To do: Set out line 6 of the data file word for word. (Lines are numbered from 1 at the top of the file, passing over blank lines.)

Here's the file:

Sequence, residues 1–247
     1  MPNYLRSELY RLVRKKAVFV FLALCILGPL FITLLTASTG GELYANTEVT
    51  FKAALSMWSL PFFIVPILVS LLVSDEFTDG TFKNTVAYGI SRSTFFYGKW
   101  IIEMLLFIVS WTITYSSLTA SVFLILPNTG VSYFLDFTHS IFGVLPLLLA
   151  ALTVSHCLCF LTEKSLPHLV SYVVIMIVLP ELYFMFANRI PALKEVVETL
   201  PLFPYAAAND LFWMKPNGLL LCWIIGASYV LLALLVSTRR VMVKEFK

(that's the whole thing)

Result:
   201  PLFPYAAAND LFWMKPNGLL LCWIIGASYV LLALLVSTRR VMVKEFK